Data from a social network for physicians reveals that millennials are increasingly likely to challenge doctor recommendations and less likely to build relationships with physicians.
Consumers of all ages are finding fewer physicians to choose from on the health insurance exchanges. And when millennial customers do line up a doctor, they are changing the relationship.
Those are two conclusions from research by Sermo, a social network that bills itself as the "virtual doctors lounge" where physicians speak freely.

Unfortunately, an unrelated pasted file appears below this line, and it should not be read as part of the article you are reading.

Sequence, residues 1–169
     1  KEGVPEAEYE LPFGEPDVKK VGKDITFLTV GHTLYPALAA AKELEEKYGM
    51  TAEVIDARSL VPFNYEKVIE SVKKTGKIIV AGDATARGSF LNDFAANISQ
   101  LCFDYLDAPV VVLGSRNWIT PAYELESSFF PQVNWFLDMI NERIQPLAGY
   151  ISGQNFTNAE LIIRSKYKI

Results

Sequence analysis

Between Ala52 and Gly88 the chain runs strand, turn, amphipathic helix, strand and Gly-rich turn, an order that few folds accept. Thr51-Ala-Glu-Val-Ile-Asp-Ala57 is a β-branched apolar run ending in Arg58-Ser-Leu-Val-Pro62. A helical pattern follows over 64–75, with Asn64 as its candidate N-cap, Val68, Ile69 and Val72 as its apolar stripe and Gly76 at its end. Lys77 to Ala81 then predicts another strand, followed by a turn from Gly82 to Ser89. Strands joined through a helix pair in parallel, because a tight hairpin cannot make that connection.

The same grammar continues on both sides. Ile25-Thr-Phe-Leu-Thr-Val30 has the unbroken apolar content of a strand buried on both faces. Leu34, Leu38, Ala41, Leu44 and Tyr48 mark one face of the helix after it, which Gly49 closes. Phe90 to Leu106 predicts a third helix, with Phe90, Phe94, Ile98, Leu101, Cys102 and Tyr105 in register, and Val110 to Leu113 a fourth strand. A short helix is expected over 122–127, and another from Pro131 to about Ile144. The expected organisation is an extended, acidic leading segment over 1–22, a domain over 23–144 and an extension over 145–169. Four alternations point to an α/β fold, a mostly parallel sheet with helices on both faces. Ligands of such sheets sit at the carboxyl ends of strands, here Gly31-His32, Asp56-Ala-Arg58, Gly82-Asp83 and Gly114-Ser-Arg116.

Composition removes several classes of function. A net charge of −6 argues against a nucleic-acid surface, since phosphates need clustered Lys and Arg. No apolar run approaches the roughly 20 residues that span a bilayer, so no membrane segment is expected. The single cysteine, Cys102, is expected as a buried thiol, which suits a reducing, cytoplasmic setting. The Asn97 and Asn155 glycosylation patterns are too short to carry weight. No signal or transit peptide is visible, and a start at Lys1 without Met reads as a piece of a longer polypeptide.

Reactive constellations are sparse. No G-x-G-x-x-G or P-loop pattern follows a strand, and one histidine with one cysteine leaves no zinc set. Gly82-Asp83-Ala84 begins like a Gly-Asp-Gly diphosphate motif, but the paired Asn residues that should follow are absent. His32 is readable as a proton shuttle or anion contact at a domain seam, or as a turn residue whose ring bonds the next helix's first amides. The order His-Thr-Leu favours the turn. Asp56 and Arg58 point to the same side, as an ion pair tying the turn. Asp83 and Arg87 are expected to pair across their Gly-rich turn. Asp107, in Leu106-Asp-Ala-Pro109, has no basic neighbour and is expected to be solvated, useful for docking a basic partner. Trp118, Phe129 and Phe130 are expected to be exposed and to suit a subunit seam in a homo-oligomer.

Sermo polled its network of U.S. physicians recently and found that 57% of physicians participate in health insurance plans offered in the federal or state exchanges under the Affordable Care Act, down from 61% who reported participating last year ahead of 2016 open enrollment.
The doctors are also talking about how millennials—the young people so eagerly sought by health plans now—are changing the traditional doctor/patient relationship, keeping their distance and working the system to better satisfy their needs.
Chatter on the network suggests millennials are more likely to challenge doctor recommendations, more comfortable discussing healthcare costs, and less likely to build relationships with physicians.